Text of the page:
Our culture unfortunately pairs meat with masculinity in a way that discourages many men from taking steps towards making their diet more healthy and ethical. This blog is geared toward the average man who did not grow up learning how to cook, has a need for sports nutrition, but also wants to take steps toward a healthy and cruelty-free lifestyle. Most of these RECIPES therefore are quick, cheap, protein dense, and delicious. You will also find "KNOWLEDGE DROPS" for vegan FAQs I commonly hear from men, and also vegan sports supplement reviews. There are also TRANSITION STORIES from real men for motivation and inspriation. Good luck to all: if I can do it, you can do it. Fear not my enculturated brethren! Of course, this blog is equal opportunity and people of all genders will hopefully enjoy these recipes!
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Whether you need a good brunch food for your guests who passed out on your couch the previous night, or you are feeling frisky and want some breakfast for dinner, this is the dish for you. Once you make the ultimate casserole, you will never go back. My mother supposedly invented this, so you know its good. Massive protein-carb-iron-delicious ratio for the muscle minded out there too. VCFM on facebook
Serves 4, or if you are like my brother and me, 2
What you need:
What to do:
For the tofu scramble (this is one good way to make vegan scrambled eggs!):
Now in a large pan fry the hash browns such that they are brown on both sides.
Then mince your sausage (add vegan bacon too if you’re feeling naughty) and fry it lightly in a small pan
Assemble the casserole in the baking dish:
Total prep + cook time: 40 minutes
Contains a lot of: Protein, Iron, Vitamin C, Calcium
This post is brought to you by Sammy the Wolf Cub. Sammy says, “Tell your friends why they should go vegan!”
This recipe will first of all teach you how to make seitan from scratch which is going to save you tons of money and give you lots of protein for your meals. It’s an old recipe I really like from Post Punk Kitchen. Most people use seitan as a meat/pork substitute but this particular recipe to me tastes more like chicken. Also, I’ll give you my VCFM original spin on it to make stand out (Spicy BBQ style).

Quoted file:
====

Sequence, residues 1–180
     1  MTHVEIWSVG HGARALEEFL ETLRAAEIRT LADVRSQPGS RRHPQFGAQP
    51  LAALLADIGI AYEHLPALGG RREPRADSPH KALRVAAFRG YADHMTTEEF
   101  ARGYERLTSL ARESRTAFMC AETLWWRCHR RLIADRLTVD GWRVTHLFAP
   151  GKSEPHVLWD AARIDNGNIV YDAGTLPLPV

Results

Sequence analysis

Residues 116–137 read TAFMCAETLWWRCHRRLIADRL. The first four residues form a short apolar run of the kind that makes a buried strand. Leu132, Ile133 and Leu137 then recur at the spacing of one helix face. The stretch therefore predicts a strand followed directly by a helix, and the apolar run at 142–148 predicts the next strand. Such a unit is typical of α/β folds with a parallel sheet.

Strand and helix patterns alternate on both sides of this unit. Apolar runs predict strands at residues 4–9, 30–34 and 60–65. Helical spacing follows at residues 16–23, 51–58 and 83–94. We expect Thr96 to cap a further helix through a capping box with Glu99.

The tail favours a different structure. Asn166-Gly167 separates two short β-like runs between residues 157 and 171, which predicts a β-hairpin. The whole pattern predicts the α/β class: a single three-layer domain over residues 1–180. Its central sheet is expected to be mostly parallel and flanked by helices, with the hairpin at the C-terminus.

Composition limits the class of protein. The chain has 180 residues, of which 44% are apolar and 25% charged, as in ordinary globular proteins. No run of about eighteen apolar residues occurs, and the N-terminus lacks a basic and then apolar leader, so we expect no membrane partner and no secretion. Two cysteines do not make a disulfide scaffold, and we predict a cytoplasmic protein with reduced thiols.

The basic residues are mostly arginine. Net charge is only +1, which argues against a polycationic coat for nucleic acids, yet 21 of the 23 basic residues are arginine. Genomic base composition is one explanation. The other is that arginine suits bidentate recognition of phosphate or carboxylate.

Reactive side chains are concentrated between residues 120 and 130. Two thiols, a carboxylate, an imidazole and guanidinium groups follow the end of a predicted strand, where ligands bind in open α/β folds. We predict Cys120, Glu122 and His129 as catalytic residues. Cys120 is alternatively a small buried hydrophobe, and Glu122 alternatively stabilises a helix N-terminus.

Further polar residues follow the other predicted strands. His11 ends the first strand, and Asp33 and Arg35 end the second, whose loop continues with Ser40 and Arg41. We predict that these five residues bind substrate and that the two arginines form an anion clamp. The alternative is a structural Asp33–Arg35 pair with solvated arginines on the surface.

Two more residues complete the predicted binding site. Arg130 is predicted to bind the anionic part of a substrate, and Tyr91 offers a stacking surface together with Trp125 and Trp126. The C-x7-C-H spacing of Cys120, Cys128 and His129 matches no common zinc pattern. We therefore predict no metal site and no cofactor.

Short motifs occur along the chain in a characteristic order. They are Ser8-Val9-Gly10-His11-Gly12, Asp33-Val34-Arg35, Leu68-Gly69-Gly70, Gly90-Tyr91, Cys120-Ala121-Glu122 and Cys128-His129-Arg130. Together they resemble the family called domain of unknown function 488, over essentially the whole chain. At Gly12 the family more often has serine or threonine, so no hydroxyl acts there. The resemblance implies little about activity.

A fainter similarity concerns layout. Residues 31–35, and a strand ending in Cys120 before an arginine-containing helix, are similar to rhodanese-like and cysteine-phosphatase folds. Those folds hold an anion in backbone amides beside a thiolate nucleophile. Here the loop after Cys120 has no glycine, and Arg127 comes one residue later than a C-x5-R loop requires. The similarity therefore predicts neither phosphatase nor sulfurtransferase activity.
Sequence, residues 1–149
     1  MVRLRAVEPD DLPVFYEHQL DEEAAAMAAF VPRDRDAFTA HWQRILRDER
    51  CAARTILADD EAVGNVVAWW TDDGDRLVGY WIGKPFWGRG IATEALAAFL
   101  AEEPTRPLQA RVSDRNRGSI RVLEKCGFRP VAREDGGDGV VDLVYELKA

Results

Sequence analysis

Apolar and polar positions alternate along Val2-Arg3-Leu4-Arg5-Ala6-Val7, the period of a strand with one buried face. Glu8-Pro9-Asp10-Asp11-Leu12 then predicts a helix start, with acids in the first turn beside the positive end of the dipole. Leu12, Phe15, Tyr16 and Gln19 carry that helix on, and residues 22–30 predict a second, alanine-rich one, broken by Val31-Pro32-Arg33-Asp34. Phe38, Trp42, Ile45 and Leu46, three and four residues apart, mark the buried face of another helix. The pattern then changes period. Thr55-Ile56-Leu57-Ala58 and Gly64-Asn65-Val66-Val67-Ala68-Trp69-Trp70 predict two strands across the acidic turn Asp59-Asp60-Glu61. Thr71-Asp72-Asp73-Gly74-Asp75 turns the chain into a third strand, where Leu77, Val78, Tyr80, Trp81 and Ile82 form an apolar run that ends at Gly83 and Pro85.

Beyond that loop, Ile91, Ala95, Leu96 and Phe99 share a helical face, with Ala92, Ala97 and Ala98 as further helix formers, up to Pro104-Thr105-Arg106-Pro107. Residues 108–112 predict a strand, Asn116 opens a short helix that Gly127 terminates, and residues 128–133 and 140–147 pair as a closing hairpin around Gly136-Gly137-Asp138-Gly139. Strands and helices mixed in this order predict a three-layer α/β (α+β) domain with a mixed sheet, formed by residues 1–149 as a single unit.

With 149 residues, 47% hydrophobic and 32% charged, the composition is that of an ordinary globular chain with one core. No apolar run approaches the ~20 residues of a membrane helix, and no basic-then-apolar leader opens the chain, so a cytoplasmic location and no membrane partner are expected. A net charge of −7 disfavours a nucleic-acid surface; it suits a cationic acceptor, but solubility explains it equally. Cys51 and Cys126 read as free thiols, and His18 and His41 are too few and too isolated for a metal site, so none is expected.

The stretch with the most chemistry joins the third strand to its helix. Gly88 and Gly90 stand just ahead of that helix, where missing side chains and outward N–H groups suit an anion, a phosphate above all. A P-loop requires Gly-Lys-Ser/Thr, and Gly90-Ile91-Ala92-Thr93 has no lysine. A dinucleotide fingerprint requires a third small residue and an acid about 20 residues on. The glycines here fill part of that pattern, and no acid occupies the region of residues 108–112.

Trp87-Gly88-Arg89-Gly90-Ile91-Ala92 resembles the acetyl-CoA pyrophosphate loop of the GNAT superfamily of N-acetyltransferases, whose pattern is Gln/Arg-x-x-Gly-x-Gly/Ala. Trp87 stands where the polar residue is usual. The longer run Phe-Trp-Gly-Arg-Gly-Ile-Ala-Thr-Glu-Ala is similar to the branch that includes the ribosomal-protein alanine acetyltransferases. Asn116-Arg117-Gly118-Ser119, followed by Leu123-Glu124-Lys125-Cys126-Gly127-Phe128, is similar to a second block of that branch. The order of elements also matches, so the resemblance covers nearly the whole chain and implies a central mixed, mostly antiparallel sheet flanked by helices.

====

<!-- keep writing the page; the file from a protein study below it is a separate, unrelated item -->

Makes enough for about 4 people. As some of you know by now, VCFM is now on facebook.
Step 1: Make the Seitan
What you need (make sure to check step 2 below for sauce ingredients):
Now that you have homemade seitan,
Step 2: make it spicy BBQ style
What you need:
Here are two awesome post-workout shakes that are packed with protein, vitamins and calories. Get healthy and get big at the same time.
Shake V1: the Chuck Berry
(note: these measurements are approximate - I just eyeball it. The goal is to make enough to fill one 8-12oz glass).
Shake V2: The Monster
Contain a lot of: Protein, Vitamin C, Iron, omega-3/6, Fiber
There are few people in the world who are better athletes than NFL players. Not only can NFL players push as much weights as many power lifters, but they are also fast as sprinters! This news story about a vegan NFL fullback is just one of many awesome publicity pieces that have been coming out lately as more people come to their senses about the vegan diet. An increasing number of athletes are going vegan, and the results are always the same. Not only do they experience no losses in performance, but they experience increases in performance.
If any man thinks he has a greater protein or sports-nutrient need than a 6’0, 242lb NFL fullback, he is living in a dream world.
For a broader overview of current professional atheletes who are vege/vegan check out a related article. Very eye-opening for the doubters.
What people will eventually realize is that most professional athletes and weight-lifters eat meat because of arbitrary tradition, not because of confirmed science or experience that suggests that a vege/vegan diet can’t work. I really don’t know how to stress this fact enough. Next time you are in the gym or another context, ask someone why they need to eat meat. First they will say, “I need the protein.” If you press them as to why they think that they will say, “I just know you can’t get enough protein from plants”. Then you refer them to my earlier post to show them this is incorrect. Then they will say, “I need for meat increased performance, it just makes sense.” Then you will refer them to this post.